I distinctly remember being in the 11th grade and standing in the hall in the Corbett building getting ready to go in and give my speech at the State FFA public speaking contest. Mr. Franklin was drilling me with last minute questions and he asked something about why people keep farming. He didn't like my answer, and said, "Tiffany, why do you really think your parents have the ranch? It's because of you and Little Brother--they have it for the way of life and the ability to spend time together as a family." That man always knew more than me.
My Dad always knows more than me too. I remember one night in high school we were all over at the show barn working with the show animals. As I recall, it had been a particularly rough night---everyone was tired, sheep were not showing well, pigs weighed too much, I'm sure Little Brother was swinging a rope when he shouldn't have been. Somehow, the conversation turned to all the time that we spent at the show barn. My Dad said, "When you kids look back, you may remember all the fights we've had, how dumb you think your parents are, how much work we've done here at this barn, but the main thing is that you will remember that your mom and I were HERE with you kids."
When my friend Pharmer Girl shared the picture below on her blog last week, I knew right away that I had to blog about it. I could not agree more, particularly with the line, "the fondest memories of my life were made possible by Mom and Dad 'cause they spent the time and spent the money."
It's expensive to have a farm. Land, livestock, seed, fuel, equipment, medicines, feed (especially when it does not rain).....that all adds up. Usually to more than the income column. And it's not just expensive monetarially, but time-wise as well. My parents never went on "date nights." They never went on fancy vacations. They weren't members of the country club. They invested their time--themselves--in our farm, and in doing so, in our family. If you ask me, that's the best expense that one can incur.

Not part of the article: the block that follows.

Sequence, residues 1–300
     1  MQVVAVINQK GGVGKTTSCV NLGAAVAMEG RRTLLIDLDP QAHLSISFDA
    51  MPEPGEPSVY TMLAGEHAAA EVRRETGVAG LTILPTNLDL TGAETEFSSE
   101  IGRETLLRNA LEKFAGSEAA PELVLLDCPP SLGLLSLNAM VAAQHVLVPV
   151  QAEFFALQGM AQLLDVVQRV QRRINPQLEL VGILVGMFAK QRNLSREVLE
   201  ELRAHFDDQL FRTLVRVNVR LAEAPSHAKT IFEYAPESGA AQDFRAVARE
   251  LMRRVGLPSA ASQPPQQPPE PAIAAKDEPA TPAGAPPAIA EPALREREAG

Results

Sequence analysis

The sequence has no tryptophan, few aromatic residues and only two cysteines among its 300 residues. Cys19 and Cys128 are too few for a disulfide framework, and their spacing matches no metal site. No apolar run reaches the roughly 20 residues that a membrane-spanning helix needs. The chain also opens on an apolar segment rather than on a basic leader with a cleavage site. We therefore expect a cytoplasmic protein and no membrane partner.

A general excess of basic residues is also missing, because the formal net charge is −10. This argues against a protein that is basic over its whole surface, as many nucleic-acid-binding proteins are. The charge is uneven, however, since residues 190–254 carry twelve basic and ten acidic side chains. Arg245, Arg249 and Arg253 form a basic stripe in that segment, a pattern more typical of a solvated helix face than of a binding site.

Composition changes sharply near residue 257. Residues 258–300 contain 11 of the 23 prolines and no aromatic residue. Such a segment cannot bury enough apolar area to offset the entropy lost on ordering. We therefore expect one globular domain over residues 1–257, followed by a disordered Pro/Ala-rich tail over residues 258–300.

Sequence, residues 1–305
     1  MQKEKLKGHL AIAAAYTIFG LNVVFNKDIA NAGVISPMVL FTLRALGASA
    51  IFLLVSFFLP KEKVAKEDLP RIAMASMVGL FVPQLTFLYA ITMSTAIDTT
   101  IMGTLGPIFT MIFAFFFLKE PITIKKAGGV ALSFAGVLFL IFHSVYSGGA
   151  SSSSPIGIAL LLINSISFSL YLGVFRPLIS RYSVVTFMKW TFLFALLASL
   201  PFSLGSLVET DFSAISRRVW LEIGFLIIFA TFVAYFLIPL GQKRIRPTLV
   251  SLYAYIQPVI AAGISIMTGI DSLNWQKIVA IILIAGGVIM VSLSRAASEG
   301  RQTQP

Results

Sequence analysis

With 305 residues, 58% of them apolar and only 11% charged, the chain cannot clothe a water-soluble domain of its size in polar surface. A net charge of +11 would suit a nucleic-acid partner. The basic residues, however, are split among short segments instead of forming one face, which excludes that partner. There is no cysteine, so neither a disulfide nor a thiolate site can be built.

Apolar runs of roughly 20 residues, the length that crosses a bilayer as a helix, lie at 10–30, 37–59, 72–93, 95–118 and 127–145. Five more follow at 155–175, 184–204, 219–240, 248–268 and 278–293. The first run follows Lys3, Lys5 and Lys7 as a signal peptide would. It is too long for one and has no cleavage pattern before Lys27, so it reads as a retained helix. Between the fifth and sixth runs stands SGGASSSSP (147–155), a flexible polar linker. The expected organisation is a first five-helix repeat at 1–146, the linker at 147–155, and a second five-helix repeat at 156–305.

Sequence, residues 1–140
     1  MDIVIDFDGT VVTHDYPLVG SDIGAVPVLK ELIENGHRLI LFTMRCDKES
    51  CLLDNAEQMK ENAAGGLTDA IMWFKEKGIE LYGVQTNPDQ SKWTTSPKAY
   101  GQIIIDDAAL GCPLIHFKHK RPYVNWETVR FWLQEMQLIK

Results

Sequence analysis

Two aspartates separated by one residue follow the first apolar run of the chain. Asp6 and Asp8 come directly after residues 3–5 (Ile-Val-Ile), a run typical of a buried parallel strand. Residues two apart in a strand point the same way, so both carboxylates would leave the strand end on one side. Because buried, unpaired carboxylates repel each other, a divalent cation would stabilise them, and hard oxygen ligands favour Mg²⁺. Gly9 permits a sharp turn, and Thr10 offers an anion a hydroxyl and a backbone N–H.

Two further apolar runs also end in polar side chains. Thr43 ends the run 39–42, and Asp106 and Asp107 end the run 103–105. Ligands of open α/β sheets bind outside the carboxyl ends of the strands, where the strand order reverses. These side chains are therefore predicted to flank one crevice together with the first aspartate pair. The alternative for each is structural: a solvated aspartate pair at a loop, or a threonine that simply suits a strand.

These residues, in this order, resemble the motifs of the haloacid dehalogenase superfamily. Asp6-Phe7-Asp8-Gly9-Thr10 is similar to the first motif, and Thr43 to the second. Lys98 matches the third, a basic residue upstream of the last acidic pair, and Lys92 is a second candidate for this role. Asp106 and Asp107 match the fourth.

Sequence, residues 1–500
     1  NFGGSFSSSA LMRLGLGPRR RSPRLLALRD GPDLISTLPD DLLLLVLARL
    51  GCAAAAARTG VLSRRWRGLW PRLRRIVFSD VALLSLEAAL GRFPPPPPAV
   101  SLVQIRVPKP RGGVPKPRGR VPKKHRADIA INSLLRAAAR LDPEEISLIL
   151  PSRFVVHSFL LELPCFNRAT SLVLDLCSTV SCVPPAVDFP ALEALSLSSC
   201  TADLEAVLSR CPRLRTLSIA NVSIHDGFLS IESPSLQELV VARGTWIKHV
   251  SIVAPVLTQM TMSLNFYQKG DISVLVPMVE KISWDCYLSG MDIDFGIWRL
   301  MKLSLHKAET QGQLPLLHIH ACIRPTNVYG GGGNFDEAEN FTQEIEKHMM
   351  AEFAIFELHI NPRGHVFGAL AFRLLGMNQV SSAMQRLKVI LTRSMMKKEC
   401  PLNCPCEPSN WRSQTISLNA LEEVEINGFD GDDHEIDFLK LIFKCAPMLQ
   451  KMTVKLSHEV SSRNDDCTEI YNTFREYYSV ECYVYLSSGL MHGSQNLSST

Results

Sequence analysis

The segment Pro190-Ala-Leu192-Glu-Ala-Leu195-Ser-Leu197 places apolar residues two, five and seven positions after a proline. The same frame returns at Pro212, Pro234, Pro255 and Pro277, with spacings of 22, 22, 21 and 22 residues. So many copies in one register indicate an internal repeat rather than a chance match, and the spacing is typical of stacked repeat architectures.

And the investments made and benefits that I recieved go beyond just parents.
It's grandmas. I can't tell you the hours that Little Brother, Gran and I spent driving around checking cows. Both of us kids learned to drive in that old tan Datsun and little blue Ranger, which Gran didn't need, but I suspect kept just for those driving lessons. We learned to peel an apple without breaking the skin, where the best windmill water was located, and how to watch for snakes curled up next to the fence post when you open a gate. We learned, because she invested.
And it's neighbors as well. People who made you homeade bread at Christmas, who bought any random item that we were selling as fundraisers, who showed up with enchillada casseroles when bad news cam, who helped you find rocks for your science homework, who always complained, "Well I wish y'all wouldn't run off so soon" even when you had been at their house for two hours and eaten your weight in Aunt Jean candies and cherry cheesecake. It's ag teachers and the "show family." The people who would shear the finewool sheep, bring snacks to the show box, and spend weeks driving all over creation to find the lamb to win the banner--and then smack you on the back with tears in his eyes when it worked out as planned. The expenses these people--parents, grandmas, neighbors, ag teachers, family friends--incurred and the time that they spent mean more to me than they will ever know.
It's probably true that you can't put a price on fond memories. But I have a sneaking suspicion that if you could, it might look a lot like those farm leger books that we keep in the file cabinet.